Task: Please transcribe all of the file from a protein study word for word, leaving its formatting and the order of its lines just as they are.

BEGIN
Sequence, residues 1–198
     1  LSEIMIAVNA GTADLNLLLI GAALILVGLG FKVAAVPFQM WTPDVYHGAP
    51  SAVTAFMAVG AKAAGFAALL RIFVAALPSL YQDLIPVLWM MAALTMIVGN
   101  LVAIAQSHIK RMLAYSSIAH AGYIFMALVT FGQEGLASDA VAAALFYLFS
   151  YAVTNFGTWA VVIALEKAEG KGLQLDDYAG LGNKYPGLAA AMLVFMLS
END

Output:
Sequence, residues 1–198
     1  LSEIMIAVNA GTADLNLLLI GAALILVGLG FKVAAVPFQM WTPDVYHGAP
    51  SAVTAFMAVG AKAAGFAALL RIFVAALPSL YQDLIPVLWM MAALTMIVGN
   101  LVAIAQSHIK RMLAYSSIAH AGYIFMALVT FGQEGLASDA VAAALFYLFS
   151  YAVTNFGTWA VVIALEKAEG KGLQLDDYAG LGNKYPGLAA AMLVFMLS